$ screen -r 2850


and it puts me back here.


The other sessions continue to run detached, however. I can go to another console to attach to them or I could connect in via the network and grab them from there.


Some other tricks that are available and are covered in the excellent man pages for Screen are:


- You have the ability to run multiple virtual terminals from within one Screen session and switch between them with "Ctrl-a n". The session I am currently using has this terminal where I am editing this document in vi, a second terminal where I am compiling some software, and a third where I am running a tail on my syslog files to watch my apache web server.


- The ability to have multiple attaches to the same session. Imagine a party line where everyone can see and type to the same console screen. If, from another console I ran screen -x 2850, I would see me typing this document from my earlier session. Both sessions have keyboard and screen control, so input can come from either or both at the same time.


- You can password protect Screen sessions when you want to add another layer of security on top of normal *nix security. - Screen has the ability to log everything that occurs during a session so you can review it later. For example, if you are compiling your kernel in a Screen session, you could start logging, start the compile, detach from the session and return to it later to see if your kernel compiled the way you wanted. You could then review the logs and check for errors.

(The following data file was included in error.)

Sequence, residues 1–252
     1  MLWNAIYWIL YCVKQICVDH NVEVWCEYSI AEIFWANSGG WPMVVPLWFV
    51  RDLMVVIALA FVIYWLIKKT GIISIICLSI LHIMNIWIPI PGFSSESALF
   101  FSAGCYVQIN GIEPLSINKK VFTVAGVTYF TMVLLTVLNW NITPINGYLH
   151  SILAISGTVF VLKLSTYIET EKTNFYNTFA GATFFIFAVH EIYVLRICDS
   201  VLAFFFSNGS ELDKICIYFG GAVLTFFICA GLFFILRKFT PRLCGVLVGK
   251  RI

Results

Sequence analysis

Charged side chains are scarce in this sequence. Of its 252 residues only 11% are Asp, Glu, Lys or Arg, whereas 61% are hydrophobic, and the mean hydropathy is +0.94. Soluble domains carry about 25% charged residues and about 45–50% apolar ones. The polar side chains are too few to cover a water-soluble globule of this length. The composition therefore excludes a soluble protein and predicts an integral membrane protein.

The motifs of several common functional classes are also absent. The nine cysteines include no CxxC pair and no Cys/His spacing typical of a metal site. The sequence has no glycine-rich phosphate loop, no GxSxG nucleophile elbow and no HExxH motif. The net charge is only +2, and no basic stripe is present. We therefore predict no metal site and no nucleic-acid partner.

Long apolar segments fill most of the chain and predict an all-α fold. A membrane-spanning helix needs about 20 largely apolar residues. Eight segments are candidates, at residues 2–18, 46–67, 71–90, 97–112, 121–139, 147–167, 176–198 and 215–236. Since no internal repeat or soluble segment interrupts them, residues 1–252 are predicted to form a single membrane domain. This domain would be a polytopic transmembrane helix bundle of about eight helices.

- Screen maintains a scrollback buffer that you can scroll back through if you wish. You have the ability to configure the size of the buffer in your ~/.screenrc file.


- Using the "-S" option, you can name your sessions to make them easier to tell apart when you have several to sort through.


- Using the "-X" option, you can send commands to running Screen sessions without attaching to them first.


I have discovered over the years of running my servers that there are times that I need to restart certain services such as sshd or networking in order to re-read config files or pick up new settings. Have you ever tried to restart networking remotely? You will find that as soon as networking goes down, the session drops and any processes that were attached to the session also die. In this case, the 2nd half of the network restart dies before it can ever run. However, using Screen to protect the session from disconnecting, I can safely restart networking (/etc/init.d/network restart) from within the Screen session and the session does not die when the network goes down. In fact, I can't remember a time when, while using Screen to do this that I even lost my remote connection to the server. The service stops and restarts just as if I was sitting at the console.